New grad, needing encouragement!

  1. Oh my gosh. I have worked my first ever shift as a nurse on my own. I had 5 days of training but 4 of them were night shift and I am working day shift now. I feel like I don't know anything about anything! It is so overwhelming. I know this is a normal feeling but how do I survive this stage in my career?
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    About hettink

    Joined: May '10; Posts: 3; Likes: 1
    LVN at Peach Tree Alzheimer's Center; from US
    Specialty: Dementia


  3. by   amo96
    I am in the same boat, one shift under my belt and my orientation was cut short by a week... I left work crying my first day because I was terrified I had forgotten something important or made an error. I'm very overwhelmed... Feeling anxiety all the time and trying to keep it together.
  4. by   RN 033
    I just started at a LTC last week also. They asked if I would cut short my training by two days and I said no. I'm taking the full 8 days I was told I would get. I mean, really? 58 residents!!! I'm the only night shift nurse for 58 patients with just two CNAs. It's not my fault they can't schedule with the employees that they already have.
  5. by   mzwest83
    Feeling the same way. I am still in training right not if that what you want to call it. I do all the med pass and charting while she sits behind a desk. I cry to work and when I go home because I am so over whelmed i am afraid I did something wrong or forgot something.
  6. by   PediatricRNTX
    Just left my first job after one yr...prayer is what helped me through and guided me to a new job...praying this one is better

    I got a full training, but I worked ALONE at nt with sick children as soon as I finished my last orientation day. Scary and risky.
  7. by   Julia77063
    It's completely normal to feel the way you do. I have been a RN for over 10 years and I still remember my first job and how I had to ask for a different preceptor to get the best experience. You are human; if you weren't anxious that would be kinda scary. My suggestion is if you have a question or question an order, ask it? Good luck in your career!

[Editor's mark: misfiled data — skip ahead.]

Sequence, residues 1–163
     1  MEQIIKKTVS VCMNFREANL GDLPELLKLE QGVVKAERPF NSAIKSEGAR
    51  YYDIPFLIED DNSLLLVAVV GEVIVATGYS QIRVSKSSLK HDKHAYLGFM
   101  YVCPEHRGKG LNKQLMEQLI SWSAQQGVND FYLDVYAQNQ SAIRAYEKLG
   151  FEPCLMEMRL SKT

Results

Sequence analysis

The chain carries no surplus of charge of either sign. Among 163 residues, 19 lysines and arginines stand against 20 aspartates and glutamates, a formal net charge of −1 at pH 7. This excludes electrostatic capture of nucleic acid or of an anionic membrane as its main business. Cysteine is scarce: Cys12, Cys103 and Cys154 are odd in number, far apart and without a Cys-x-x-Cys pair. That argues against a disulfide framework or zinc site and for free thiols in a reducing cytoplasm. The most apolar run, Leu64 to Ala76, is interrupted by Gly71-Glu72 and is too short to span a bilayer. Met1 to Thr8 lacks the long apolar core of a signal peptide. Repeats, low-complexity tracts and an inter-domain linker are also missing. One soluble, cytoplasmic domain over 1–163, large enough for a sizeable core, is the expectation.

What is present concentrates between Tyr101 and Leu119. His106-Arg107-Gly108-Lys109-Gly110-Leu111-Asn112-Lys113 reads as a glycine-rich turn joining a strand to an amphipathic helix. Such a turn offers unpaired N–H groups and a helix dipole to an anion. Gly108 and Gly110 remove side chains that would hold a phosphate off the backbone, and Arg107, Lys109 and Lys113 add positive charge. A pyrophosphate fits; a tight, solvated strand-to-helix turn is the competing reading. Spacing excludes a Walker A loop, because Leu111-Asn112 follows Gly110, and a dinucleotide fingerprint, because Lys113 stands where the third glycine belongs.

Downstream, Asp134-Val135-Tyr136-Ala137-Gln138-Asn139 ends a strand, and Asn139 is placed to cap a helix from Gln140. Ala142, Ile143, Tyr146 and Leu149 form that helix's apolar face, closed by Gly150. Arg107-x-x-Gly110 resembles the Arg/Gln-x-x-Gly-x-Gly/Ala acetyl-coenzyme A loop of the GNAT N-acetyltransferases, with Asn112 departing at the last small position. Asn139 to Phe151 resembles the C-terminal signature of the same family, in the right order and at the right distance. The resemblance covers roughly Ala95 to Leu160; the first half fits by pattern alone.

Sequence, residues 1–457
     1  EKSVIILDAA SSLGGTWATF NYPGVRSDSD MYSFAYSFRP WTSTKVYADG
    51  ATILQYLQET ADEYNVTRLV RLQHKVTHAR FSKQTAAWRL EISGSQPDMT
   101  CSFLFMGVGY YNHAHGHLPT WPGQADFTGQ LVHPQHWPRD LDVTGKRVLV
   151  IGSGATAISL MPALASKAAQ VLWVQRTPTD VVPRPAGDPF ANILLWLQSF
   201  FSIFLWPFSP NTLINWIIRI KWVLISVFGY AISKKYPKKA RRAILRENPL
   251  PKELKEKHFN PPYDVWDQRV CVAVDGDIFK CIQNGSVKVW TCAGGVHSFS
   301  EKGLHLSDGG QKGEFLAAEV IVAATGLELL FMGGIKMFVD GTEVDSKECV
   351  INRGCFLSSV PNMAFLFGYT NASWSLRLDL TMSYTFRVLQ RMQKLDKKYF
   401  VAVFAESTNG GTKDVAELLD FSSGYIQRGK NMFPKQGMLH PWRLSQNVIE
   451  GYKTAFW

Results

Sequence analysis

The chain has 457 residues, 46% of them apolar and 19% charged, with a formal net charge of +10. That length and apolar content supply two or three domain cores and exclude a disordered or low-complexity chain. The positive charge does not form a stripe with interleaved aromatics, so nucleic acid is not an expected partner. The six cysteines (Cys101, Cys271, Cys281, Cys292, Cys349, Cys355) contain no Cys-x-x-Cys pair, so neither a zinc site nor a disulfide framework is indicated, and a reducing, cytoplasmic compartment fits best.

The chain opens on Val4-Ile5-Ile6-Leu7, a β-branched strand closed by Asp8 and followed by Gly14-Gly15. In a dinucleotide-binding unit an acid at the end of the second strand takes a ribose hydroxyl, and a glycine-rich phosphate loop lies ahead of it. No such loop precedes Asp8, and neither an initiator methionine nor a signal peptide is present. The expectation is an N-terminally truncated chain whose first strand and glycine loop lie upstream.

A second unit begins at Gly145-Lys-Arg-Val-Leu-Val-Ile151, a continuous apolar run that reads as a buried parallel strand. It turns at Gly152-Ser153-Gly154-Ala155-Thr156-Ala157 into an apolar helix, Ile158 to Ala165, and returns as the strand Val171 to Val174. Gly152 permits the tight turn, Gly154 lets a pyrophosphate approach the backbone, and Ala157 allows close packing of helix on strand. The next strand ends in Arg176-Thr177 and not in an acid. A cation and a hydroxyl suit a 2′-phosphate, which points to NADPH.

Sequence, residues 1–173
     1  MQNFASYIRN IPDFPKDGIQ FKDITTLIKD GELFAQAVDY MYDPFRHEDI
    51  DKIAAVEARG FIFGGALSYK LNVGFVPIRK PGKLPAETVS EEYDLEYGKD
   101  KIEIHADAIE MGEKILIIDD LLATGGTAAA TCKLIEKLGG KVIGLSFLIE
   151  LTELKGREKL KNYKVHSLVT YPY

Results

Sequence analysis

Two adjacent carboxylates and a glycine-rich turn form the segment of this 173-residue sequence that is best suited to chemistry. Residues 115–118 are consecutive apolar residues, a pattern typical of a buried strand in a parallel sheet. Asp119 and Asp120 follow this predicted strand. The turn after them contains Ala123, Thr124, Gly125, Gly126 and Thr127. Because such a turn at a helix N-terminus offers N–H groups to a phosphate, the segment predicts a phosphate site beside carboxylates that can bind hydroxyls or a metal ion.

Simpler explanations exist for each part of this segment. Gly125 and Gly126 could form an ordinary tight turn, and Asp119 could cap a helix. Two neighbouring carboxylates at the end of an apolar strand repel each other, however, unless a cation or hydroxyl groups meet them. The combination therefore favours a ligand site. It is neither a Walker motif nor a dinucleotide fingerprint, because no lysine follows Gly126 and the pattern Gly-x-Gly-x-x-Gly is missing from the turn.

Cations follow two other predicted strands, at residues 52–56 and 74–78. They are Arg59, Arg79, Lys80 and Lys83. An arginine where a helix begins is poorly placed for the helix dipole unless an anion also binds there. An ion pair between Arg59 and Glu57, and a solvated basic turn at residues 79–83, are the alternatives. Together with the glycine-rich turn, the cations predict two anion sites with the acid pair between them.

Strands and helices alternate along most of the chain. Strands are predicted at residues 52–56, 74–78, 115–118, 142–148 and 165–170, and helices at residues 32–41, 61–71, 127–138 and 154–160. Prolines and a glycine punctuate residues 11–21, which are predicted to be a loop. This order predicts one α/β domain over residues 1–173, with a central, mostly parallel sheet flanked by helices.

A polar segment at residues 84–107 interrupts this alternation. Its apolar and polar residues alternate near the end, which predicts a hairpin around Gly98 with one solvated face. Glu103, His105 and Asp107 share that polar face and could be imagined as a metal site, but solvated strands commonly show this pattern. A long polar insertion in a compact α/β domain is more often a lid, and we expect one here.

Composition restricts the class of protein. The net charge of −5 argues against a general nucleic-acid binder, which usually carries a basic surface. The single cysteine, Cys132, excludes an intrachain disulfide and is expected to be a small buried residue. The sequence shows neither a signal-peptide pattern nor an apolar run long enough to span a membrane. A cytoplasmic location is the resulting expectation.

8. by   al586
    I agree that it is perfectly normal to feel the way you do right now. I would be worried if you didn't have concerns! I still do!
    If you don't know something, ASK. Don't worry that you should should already know the answer, or that you will appear "stupid." It will make you a better nurse in the long run.
    Also, I have found time management and prioritizing essential. When coming on day shift, I try to find out during report which residents are diabetic (they may need accuchecks & insulin before breakfast & lunch), how each person takes their pills, which residents leave the floor for meals (so I can be sure to give them meds before they leave), who has labs & appointments that day, who has IVs running, emergent conditions and so on. After a quick check on any emergent patients, I go for the diabetics & residents who leave the floor first. That way, I don't have to chase them all over the facility to give them what they need. If there's time, I'll flip through the treatment book and mark who needs what treatments. I also systemically mark off each resident on my list as I give them their meds, noting the ones I will need to return to later. ( Each nurse has their own way of noting this - I use a highlighter to block off only the room number if I need to return, or block off both the room number & the resident's name if I don't need to give them any more meds.) I then assist feeding, do charting, some treatments, etc. Then, I do my second pass, remaining treatments & charting.
    Of course, the inevitable SNAFUs will through a monkey wrench in my system on a daily basis...falls, changes in condition, a barrage of orders, and so on, so I try to remain flexible.
    I hope this helps!

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